Dolomitic limestone was more effective than calcitic limestone in iin increasing soil pH in an untilled olive orchard uri icon


  • In acid soils, when no-tillage farmers intend to apply lime, the question arises as to whether it should be incorporated into the soil or whether it can be left on the soil surface. In this study, two types of limestone, calcitic (Lcal) and dolomitic (Lmag), were tested in two olive groves of cv. Cobrançosa, with an initial pH of 4.9 (S. Pedro) and 5.5 (Raparigas). In S. Pedro, limestone was incorporated into the soil (Lburied) and in Raparigas, it was left on the floor (Lfloor). The use of limestone significantly increased soil pH in the 0–0.10 m layer in both experiments. In the 0.10–0.20 m soil layer, only Lmag increased significantly the soil pH in comparison with the control. Lmag was more effective than Lcal in increasing cation exchange capacity (CEC) and reducing exchangeable acidity (EA) and aluminium (Al3+) in the Lfloor experiment. Both limes increased leaf calcium (Ca) concentration, and Lmag increased the leaf levels of magnesium (Mg). In Lfloor experiment (higher soil pH), soil microbial carbon (C) decreased, and microbial nitrogen (N) increased with liming, which may indicate an increase in bacteria in the soil and a decrease in fungi. In Lburied experiment (initial pH of 4.9), liming significantly increased accumulated (2018–2021) olive yield (56 and more than 67 kg tree−1, respectively, in the control and liming treatments). In Lfloor experiment (initial pH of 5.5), the accumulated olive yields did not differ significantly between treatments (average values between 105 and 115 kg tree−1). The results of this study provide evidence that liming may increase olive yield in very acid soils and that dolomitic limestone should preferably be used by no-tillage farmers, due its higher solubility and faster effect on soil and trees.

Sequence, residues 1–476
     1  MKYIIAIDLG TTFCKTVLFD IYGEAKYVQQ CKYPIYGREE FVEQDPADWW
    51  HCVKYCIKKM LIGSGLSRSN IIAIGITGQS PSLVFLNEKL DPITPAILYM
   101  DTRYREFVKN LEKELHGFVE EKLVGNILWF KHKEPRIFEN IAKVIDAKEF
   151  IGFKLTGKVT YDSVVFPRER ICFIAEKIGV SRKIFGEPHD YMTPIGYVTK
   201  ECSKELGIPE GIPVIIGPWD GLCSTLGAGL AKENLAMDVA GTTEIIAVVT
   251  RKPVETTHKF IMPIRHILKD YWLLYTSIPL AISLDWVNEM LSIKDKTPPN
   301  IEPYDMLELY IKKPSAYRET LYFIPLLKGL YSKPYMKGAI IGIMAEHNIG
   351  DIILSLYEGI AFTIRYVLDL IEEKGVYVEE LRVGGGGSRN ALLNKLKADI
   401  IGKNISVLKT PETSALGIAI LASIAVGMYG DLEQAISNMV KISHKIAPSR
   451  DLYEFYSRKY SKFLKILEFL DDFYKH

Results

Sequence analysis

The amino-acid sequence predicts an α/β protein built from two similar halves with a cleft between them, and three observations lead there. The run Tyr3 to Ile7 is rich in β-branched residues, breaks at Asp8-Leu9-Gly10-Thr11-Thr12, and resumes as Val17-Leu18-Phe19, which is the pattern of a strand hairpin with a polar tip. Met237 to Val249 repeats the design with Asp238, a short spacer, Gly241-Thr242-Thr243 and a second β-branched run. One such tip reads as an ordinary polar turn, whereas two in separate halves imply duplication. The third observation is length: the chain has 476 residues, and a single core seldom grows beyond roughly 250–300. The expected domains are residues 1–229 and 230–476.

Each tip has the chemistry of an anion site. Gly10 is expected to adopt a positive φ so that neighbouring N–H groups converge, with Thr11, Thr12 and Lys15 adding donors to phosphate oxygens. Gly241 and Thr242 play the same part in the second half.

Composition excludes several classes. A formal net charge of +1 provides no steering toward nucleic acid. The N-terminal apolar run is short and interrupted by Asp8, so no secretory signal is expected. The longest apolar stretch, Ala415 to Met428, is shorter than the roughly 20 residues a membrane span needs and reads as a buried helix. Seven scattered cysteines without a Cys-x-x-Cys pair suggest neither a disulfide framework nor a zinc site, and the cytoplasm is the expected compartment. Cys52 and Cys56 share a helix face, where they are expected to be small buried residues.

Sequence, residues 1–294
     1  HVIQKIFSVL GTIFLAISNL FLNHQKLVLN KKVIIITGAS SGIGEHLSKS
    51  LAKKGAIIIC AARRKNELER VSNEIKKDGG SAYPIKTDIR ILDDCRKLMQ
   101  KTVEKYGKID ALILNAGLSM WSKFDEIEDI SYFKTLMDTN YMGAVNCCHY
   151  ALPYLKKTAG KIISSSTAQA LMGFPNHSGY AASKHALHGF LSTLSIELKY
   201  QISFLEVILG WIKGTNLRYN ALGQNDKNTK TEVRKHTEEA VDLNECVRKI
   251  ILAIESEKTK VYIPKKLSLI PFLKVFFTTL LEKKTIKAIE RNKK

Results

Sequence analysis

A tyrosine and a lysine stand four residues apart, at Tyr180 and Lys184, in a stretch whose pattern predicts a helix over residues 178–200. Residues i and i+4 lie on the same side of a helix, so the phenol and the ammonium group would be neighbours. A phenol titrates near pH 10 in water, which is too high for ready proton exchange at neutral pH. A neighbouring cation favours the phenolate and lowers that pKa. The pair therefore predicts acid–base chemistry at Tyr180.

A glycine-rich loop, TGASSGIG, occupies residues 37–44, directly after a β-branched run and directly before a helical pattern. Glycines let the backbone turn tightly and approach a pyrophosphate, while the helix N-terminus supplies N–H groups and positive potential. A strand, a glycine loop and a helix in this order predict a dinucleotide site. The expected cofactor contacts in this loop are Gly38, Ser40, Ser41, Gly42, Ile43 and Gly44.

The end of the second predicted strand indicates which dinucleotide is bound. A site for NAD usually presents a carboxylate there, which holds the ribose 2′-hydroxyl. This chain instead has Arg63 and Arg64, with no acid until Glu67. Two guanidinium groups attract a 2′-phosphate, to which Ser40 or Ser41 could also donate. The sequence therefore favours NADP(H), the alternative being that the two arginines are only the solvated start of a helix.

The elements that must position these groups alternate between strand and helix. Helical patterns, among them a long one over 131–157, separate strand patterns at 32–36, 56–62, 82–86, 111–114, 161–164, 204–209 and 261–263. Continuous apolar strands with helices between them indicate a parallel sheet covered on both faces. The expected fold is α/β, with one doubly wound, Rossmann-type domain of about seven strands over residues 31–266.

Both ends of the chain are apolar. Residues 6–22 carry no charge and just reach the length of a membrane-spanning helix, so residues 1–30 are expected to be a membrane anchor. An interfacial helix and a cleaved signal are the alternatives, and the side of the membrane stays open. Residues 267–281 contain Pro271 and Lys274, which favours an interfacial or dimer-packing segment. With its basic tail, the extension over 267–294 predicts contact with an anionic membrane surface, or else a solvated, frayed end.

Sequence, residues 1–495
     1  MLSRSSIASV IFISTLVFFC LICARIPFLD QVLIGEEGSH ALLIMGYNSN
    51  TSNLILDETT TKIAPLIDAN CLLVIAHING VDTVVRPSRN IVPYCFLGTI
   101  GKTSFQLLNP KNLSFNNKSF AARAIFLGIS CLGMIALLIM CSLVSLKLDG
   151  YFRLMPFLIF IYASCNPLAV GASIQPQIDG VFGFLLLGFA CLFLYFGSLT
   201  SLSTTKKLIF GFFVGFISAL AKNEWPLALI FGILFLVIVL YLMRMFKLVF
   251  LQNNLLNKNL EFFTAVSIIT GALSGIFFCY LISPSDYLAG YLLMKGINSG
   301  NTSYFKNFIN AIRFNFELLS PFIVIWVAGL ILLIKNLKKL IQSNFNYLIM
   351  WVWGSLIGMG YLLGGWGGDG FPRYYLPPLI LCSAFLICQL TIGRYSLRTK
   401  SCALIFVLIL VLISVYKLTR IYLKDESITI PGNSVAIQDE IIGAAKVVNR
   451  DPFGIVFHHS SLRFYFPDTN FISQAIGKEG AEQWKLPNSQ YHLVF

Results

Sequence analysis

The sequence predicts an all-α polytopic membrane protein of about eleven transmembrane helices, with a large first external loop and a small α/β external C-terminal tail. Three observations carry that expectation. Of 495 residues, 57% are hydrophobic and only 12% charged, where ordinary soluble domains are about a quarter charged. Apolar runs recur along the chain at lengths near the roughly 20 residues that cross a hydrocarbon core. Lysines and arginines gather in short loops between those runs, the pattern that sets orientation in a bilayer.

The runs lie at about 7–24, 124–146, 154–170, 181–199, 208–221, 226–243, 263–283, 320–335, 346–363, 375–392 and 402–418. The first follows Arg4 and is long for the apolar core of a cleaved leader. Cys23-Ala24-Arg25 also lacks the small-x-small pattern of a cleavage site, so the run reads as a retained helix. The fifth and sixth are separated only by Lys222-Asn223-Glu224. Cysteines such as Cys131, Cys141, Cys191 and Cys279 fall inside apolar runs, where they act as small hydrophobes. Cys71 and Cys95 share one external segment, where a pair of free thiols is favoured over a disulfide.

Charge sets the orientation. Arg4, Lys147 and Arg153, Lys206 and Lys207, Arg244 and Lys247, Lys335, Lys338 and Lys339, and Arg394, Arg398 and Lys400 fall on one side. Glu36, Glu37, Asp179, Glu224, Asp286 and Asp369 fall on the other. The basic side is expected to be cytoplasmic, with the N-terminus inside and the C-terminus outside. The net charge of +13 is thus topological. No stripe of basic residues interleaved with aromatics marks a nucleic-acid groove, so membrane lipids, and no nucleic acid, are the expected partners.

• This research was funded by the Operational Group ‘Novas práticas em olivais de sequeiro: estratégias de mitigação e adaptação às alterações climáticas’, funded by PT2020 and EAFRD (European Agricultural Fund for Rural Development). The authors are grateful to the Foundation for Science and Technology (FCT, Portugal) and FEDER under Programme PT2020 for the financial support to CIMO (UIDB/00690/2020) and CITAB (UIDB/04033/2020).

publication date

  • August 2023